Oct 28, 2017
liquid blackness, a research group on blackness and aesthetics, is proud to announce…



A screening of the film and Q&A with filmmaker Barbara McCullough




In conjunction with the ATLARGE Music Film Festival, whose mission is to showcase, support and aid in the further development of the genre of the music film, Ms. McCullough will present her documentary on the visionary jazz pianist, mentor, and community organizer Horace Tapscott, a crucial figure in the seminal era of Los Angeles jazz history. Tapscott’s band, the Pan-African People’s Arkestra (inspired by the homonymous orchestra founded by Sun Ra), was frequently requested to perform at political rallies and fundraisers.
The screening will be followed by a Discussion with the filmmaker Barbara McCullough on the role of music in her creative process, facilitated by liquid blackness. @ 3:30-4:30 in the Creative Media Industries Institute (CMII) facilities.


About the film:

Honored as an official selection at the NOLA Film Festival (October 11-19, 2017) and nominated as best doc feature at the 2017 BlackStar Festival, HORACE TAPSCOTT: MUSICAL GRIOT (1991, 72 min) is a “poetic meditation” on the strength of African American music and activism embodied in the history of Los Angeles through the life of musician, composer and community activist, Horace Tapscott (1934-1999).  During the Watts Rebellion of 1965, the LAPD stopped his performances, stating that his music incited people to riot.  He was blacklisted in the 1960’s and 70’s because of his affiliation with political groups active during those times. The film allows Mr. Tapscott to reveal his story as a griot would in a West African society who preserves the knowledge, legacy and oral history of his culture. Horace Tapscott: Musical Griot was also nominated as Best Diaspora Documentary at AMAA and was the winner of the audience award at the Pan African Film Festival. Shot in 16mm from 1977 to 1991 and edited in HD for BluRay and DVD.


About the filmmaker:

Barbara McCullough is a filmmaker who emerged from the UCLA Los Angeles Rebellion experience to create works emblematic of the reality of African American life, seen beyond the usual stereotypic view.  Her UCLA contemporaries who also worked on Horace Tapscott:  Musical Griot include: Charles Burnett, Billy Woodberry and Julie Dash to name a few, along with Johnny Simmons and Al Santana. Other projects include – Shopping Bag Spirits and Freeway Fetishes: Reflections on Ritual Space, a 58minute video that her mentor Shirley Clarke proclaimed, “the title wouldn’t fit the marque,” Water Ritual #1: An Urban Rite Of Purification, and World Saxophone Quartet and Fragments.  Her works strive to extract the essence of the seemingly mundane to expose its magic and poetry. Horace is another part of that examination.  Previously McCullough worked in the visual effects industry for over 20 years and from 2010 until 2016 she was chair of the visual effects department at Savannah College of Art and Design (SCAD).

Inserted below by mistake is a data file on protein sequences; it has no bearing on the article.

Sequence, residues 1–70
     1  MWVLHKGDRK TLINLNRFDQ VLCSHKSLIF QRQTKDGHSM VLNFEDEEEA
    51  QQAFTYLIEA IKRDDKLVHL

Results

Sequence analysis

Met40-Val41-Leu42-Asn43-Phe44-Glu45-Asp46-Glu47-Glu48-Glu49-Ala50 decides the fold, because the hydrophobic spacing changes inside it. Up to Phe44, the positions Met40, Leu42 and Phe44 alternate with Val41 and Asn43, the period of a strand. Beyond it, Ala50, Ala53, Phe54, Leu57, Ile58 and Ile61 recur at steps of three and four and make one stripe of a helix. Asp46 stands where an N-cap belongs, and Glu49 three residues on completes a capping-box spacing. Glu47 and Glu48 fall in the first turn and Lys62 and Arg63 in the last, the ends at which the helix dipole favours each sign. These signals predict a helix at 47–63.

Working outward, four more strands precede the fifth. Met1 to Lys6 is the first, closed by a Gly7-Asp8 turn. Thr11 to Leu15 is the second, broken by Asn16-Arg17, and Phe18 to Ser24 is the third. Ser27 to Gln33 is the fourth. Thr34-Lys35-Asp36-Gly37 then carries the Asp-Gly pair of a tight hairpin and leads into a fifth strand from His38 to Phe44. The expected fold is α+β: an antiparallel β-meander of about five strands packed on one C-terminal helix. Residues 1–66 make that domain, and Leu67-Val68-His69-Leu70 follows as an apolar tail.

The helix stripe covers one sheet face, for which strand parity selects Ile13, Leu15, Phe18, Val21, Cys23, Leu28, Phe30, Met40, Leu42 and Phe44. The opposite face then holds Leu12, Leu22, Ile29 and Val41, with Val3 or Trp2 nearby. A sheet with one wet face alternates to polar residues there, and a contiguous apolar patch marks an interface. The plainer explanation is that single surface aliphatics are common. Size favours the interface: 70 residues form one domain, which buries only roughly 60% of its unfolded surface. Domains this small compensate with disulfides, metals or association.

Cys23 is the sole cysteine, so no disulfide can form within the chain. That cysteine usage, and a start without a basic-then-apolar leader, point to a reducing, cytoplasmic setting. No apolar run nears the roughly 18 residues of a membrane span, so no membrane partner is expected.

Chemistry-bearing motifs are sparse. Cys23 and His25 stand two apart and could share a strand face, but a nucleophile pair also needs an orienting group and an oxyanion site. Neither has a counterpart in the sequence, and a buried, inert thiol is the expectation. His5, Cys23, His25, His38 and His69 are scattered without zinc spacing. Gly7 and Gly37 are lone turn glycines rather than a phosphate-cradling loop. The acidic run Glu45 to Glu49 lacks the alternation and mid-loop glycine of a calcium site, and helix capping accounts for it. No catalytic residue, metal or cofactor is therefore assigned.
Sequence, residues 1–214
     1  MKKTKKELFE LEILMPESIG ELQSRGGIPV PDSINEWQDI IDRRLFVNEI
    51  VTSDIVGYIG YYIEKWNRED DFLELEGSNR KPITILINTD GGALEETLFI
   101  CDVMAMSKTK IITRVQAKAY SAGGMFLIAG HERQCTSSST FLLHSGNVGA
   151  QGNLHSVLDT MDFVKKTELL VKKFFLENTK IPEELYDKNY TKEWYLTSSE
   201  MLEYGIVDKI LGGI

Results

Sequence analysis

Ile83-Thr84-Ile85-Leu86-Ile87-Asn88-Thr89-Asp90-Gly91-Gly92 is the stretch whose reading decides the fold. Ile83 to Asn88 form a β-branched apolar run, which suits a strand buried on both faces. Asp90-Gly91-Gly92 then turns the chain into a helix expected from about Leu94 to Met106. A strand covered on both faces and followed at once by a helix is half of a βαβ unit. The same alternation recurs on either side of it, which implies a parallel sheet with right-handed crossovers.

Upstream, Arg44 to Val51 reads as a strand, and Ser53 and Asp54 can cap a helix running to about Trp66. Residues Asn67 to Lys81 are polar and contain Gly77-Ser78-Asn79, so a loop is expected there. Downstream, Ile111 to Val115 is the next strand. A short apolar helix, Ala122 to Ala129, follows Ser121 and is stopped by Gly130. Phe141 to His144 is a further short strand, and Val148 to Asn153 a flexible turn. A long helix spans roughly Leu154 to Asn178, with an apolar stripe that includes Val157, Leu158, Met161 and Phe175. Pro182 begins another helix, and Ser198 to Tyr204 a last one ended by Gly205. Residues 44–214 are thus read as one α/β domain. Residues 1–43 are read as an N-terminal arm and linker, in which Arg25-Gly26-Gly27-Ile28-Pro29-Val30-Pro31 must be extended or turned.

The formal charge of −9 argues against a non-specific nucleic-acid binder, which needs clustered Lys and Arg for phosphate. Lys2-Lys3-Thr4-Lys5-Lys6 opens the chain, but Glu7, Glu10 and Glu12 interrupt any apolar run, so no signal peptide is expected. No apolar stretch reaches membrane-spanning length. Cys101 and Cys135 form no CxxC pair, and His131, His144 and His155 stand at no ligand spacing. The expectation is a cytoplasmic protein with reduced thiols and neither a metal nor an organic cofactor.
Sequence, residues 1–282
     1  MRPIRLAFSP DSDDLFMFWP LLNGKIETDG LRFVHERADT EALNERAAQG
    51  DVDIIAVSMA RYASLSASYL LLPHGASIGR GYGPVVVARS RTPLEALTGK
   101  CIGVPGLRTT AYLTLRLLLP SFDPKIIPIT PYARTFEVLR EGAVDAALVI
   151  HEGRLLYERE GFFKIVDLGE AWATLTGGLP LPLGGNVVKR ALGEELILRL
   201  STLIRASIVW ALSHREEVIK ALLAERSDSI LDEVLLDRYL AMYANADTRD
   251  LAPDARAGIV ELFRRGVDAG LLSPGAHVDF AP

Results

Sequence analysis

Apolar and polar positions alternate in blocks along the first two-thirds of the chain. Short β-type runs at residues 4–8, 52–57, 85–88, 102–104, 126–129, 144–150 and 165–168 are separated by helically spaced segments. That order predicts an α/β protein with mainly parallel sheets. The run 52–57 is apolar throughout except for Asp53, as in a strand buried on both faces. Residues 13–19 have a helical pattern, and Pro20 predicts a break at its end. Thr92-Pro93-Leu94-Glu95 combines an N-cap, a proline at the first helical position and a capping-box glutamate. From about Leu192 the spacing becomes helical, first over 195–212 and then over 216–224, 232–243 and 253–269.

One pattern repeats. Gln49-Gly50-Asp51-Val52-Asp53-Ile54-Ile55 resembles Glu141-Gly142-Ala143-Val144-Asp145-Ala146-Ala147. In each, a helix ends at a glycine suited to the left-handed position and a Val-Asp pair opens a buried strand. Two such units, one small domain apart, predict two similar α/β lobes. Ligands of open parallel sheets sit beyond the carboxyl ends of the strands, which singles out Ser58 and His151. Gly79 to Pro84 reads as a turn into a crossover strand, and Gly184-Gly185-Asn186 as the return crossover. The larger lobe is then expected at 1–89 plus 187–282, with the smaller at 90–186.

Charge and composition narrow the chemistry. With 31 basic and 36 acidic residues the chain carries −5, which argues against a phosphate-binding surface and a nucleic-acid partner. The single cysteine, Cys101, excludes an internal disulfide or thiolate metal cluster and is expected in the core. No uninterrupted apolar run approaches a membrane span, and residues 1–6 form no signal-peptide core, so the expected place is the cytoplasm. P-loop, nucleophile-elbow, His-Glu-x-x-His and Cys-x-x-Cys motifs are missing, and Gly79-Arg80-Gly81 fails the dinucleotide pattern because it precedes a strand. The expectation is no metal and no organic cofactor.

About Tapscott:

Visionary musician but also community leader, Tapscott was at the center of a group of musicians who were deliberately experimenting with alternative forms of collective political action through their community presence and through their musical practice, for example by pushing his community to accept and make room for the sensibility of free jazz. The Arkestra itself had a constantly shifting lineup according to where it was playing.

Through a specific blending of artistic, political and community work, Tapscott’s music performed a type of community organizing and clearly indicated the inextricability between art and politics because, as he explains in McCullough’s documentary, politics enters music because the musicians were up against so much.


About the liquid blackness project:

This screening and conversation with the artist continues experimental research already undertaken by liquid blackness in 2015 around “The Arts and Politics of the Jazz Ensemble,” prompted by an in-depth collective study of Larry Clark’s legendary film Passing Through (1977) in which Tapscott appears and provides the key musical score. Both Passing Through’s main character Warmack, played by Nathaniel Taylor, and his mentor Poppa Harris, played by veteran actor Clarence Muse, are modeled after Tapscott and by the ideological, political, and cultural struggles he undertook in his relationship to the recording industry in Los Angeles and beyond. In our previous engagement with the film we looked at the figure of Tapscott through the lens of black radical politics and reflected on ways in which forms of collective study might (or might not) reactivate the activist potential of the fluid communitarian dynamics of the jazz ensemble. For this project, we are looking forward to learning more about Tapscott himself and especially his commitment to his community, his understanding of the need for artistic talent to become a form of mentorship, his ideas that expanded political imaginations can be obtained also through expanded artistic taste, and ultimately the mandate he received from his own first piano teacher to “give back” to his community. In other words, with this project we are shifting our focus from “passing through” to “passing on.”


Materials on the Film, Filmmaker, and Artistic Context


Previous Screening at MOCA:

http://www.moca.org/program/lo s-angeles-filmforum-at-moca-pr esents-horace-tapscott-musical -griot


Press coverage:



Visit liquid blackness for updates and more materials on the film

Visit ATLARGE for tickets and information